How Many Brilliant GMs Have We Lost To This Writing Biz?

(NOTE: Based on time elapsed since the posting of this entry, the BS-o-meter calculates this is 3.618% likely to be something that Ferrett now regrets.)

After months of playing evil vampires, I have agreed to step back up again and become DM for my gaming group.  They’ve been asking me to.  We stopped right in the middle of a very exciting plot twist in my Numenera campaign, and I know vaguely where it’s going…
I hope I won’t punk out on them this time.
But it’s hard to GM these days, because as it turns out my GM headspace lives right in the middle of my novel-writing headspace.  I plot my novel in my empty spaces: when I’m walking the dog, I’m marking out the beats for this epic soup-making action sequence I’ve got planned. When I’m driving long distances, I have conversations in-character, mapping out dialogue paths through the epic soup-making action sequence.  When I’m in the shower, I’m envisioning the tiny details of soup-making – what the bowl feels like in my hands, trying to master the little tidal shifts in a five-gallon pot.
All that primes the pump so when I eventually sit down to write that epic soup-making action sequence, it’s as good as I can make it.
(NOTE: You may think I’m kidding. I’m not. I am actually writing an epic soup-making action sequence.  Well, consomme, to be precise.)
Anyway, the issue is that most of the good bits of my novel are created when I’m not staring at a screen… and the same can be said for my GMing.  I plot out campaigns on my walks, on my drives, in the showers.
Switching modes doesn’t work. I can really only novel-plot or GM-plot.  Not both.
So my campaigns have suffered for some time now, ever since I’ve started writing (and selling) novels. I don’t have this problem with short stories; short stories don’t require me to keep an entire world juggled in my head the way that both games and novels do.  When I wrote short stories, I could switch modes easily, because short stories aren’t exactly easy but they are compact.
The thing is, I’ve gamed with Cat Valente, author of the Fairyland books, and I know that she’d make an awesome GM… but she also has the same issue of “novels vs. GMing, novels win.”  Mike Underwood, who writes the Genrenauts series, experiences the same problem.
In my ideal world, GMing would be its own financial career path, where the really good GMs were stars – maybe not Brad Pitt-level stars, but MC Lars-level stars where they have 20k followers and earn a nice living off of merch and video streams.  And in that world, novelists would have a lot of overlap of skills – no, you don’t get to control the characters precisely, but there’s a lot of related talents in worldbuilding and character tension and plotting and motivation that get hauled out when you’re a top-tier GM.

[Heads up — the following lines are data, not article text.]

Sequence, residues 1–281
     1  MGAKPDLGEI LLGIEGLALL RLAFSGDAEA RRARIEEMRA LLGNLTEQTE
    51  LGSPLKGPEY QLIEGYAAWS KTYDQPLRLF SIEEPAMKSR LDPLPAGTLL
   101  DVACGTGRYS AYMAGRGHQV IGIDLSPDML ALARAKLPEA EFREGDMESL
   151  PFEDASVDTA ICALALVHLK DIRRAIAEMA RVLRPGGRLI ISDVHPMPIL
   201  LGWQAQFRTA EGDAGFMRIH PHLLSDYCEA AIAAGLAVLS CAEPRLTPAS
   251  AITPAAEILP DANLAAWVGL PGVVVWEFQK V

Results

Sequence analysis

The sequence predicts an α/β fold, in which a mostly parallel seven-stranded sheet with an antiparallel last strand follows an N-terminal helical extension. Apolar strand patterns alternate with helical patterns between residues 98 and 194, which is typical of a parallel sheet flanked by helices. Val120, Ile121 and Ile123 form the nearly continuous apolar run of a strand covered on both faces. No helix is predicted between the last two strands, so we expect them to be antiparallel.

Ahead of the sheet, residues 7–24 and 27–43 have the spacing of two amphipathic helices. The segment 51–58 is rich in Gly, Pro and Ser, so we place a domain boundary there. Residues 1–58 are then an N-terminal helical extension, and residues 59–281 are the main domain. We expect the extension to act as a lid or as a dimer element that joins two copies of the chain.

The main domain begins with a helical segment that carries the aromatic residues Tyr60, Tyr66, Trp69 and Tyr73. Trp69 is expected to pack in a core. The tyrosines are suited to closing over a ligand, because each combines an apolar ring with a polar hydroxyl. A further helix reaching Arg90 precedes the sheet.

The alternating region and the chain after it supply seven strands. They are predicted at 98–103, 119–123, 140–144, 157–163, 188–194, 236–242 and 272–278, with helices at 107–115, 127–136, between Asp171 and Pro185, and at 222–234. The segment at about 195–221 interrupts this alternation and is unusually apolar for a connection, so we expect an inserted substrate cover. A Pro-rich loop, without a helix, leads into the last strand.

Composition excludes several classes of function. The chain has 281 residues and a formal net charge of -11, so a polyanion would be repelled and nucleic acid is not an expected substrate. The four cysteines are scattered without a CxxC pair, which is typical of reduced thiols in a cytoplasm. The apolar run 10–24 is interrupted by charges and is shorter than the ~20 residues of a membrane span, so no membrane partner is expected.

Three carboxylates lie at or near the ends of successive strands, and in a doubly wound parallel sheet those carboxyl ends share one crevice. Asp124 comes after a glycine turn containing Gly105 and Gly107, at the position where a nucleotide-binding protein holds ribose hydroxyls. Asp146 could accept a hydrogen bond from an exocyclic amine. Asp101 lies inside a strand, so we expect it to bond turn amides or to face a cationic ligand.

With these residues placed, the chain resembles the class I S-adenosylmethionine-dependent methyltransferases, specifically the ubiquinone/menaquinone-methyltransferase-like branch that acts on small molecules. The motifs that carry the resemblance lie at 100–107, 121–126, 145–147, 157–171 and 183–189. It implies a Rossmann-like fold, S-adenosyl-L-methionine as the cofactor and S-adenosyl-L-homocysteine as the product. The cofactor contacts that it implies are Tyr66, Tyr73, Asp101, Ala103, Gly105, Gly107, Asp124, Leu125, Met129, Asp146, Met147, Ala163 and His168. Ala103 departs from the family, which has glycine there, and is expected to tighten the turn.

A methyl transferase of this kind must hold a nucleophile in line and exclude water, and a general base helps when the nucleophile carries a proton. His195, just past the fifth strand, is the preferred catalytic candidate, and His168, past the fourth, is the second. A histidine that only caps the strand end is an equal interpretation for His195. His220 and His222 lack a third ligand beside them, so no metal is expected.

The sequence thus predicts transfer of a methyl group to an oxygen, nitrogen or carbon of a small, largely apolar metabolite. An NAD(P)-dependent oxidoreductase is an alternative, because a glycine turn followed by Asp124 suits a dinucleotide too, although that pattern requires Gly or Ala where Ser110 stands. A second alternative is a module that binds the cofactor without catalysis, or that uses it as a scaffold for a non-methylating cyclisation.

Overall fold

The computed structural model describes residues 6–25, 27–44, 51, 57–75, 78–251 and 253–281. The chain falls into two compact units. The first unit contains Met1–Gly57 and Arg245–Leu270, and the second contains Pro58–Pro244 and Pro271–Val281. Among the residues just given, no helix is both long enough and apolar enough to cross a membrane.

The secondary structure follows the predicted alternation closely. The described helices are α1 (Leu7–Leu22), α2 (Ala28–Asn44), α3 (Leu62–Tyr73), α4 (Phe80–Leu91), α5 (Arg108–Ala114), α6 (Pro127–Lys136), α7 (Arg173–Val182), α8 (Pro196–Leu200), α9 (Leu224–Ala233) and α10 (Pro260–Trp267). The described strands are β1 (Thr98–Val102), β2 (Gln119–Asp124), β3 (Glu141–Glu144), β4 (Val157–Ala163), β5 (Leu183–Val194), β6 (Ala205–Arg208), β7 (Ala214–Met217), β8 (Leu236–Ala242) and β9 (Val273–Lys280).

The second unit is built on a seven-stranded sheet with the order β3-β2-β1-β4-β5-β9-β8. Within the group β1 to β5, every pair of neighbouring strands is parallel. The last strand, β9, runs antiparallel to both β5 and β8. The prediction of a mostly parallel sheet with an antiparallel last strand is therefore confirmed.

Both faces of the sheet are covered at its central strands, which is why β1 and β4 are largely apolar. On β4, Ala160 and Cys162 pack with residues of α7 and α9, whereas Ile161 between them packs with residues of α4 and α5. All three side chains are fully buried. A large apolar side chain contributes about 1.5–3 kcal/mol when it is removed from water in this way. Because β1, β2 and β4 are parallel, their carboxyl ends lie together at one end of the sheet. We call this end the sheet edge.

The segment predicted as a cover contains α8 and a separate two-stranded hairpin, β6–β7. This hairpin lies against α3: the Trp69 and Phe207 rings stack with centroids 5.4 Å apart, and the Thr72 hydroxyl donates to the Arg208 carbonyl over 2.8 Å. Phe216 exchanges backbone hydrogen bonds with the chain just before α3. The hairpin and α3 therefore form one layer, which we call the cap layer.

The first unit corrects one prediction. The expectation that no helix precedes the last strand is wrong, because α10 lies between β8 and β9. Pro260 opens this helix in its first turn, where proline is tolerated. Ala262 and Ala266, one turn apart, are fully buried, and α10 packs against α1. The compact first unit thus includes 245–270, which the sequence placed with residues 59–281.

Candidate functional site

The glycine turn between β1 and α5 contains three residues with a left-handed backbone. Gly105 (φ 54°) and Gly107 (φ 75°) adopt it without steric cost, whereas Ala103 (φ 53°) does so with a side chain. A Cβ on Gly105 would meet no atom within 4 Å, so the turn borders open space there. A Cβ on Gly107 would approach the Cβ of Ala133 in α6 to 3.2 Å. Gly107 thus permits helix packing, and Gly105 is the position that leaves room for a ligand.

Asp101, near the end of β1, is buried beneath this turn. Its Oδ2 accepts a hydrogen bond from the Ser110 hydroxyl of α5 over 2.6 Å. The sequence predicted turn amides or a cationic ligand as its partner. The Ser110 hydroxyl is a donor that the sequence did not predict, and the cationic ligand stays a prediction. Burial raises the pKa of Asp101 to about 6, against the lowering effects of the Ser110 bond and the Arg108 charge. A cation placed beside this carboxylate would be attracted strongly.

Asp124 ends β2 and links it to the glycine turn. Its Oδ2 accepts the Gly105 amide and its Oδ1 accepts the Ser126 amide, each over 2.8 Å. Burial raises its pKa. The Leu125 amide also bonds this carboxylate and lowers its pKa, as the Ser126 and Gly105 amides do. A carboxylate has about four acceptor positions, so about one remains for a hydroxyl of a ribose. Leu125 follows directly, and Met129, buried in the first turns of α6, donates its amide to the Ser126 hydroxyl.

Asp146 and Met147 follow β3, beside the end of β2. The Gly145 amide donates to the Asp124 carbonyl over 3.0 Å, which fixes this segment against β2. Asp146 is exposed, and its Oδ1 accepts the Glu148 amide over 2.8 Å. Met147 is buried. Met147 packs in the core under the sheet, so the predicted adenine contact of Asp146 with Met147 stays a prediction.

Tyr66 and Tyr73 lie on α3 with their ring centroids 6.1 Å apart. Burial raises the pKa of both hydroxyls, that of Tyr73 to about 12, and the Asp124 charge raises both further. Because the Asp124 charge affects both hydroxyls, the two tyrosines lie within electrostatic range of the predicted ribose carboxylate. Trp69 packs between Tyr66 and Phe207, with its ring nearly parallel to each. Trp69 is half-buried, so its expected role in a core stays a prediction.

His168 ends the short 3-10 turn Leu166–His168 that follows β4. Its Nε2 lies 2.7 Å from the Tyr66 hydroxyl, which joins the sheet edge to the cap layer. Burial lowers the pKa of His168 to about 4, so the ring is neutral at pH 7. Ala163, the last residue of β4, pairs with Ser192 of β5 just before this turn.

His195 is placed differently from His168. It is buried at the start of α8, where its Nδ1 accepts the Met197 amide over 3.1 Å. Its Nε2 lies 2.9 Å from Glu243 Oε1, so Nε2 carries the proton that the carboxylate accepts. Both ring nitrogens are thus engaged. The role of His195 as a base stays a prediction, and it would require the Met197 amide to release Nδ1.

And I wonder how many novelists could run awesome long-term campaigns – not the one-shots you occasionally get at ConFusion, but those epic months-long games where you have character development and get hooked into the world because you’re both in it and changing it.
I dunno.  I know the world often loses me as a DM.  And I’m sad I never got to sit in a Cat Valente campaign.  And I’m sad that GMing isn’t more valued, because god damn there’s a lot of great sci-fi and fantasy writers I’d love to see behind the screen.
 
 

5 Comments

  1. Michael R. Underwood
    Jan 8, 2016

    I’ve been wanting to get back into gaming, but in a way that doesn’t cannibalize my writing time, as you say.
    When I was a teenager, all I really wanted as a job was to be a professional GM. I am delighted that now it seems like there *are* some Professional GMs, from Adam Koebel at Roll20 to Matt Mercer for Geek & Sundry’s Critical Role.
    But even though it is fun to watch those games on YouTube and Twitch, I’m still itching to do some dice-chucking of my own.
    -Mike

    • @kagevortex
      Jan 15, 2016

      I had a similar thought many many years ago, partially to the issue that many players have of “finding a good GM/finding a GM AT ALL”.
      I left it aside because honestly I’d make a rubbish GM, but I did run some numbers.
      You’d HAVE to schedule a full 40hr/week on live session hours alone (not counting prep work), and what you’d need to charge the players for THAT would cause most to balk. And this was in pre-recession conditions, it’s even less workable now.
      So sadly, like many things, it’s a career that will have to wait for economic conditions to stop being so shitty.

  2. Sandra
    Jan 8, 2016

    I have this problem with fiction writing, since I started being paid to freelance writing. The desire to jump in and write more for fun, after a full day of writing for a paycheck, just isn’t there. Even journalling has gone by the wayside.

  3. Alexis
    Jan 8, 2016

    I have this problem too–my husband and friends want me to GM, but it takes time and creative energy. I think it does help writing in that it makes me think about story arcs and characters, but the time suck is hard.

  4. Carolyn VE
    Jan 13, 2016

    Three things I don’t do any more: run roleplaying games, write house rules for board games, and (more unusually) write poetry.
    These are all small, personal pursuits, and they all depend on an energy that I currently harness for professional reasons. I still do creative things just because I want to, but only when they fall into the boxes I can use. Otherwise, I have bills to pay and I literally can’t afford it.

All Comments Will Be Moderated. Comments From Fake Or Throwaway Accounts Will Never Be approved.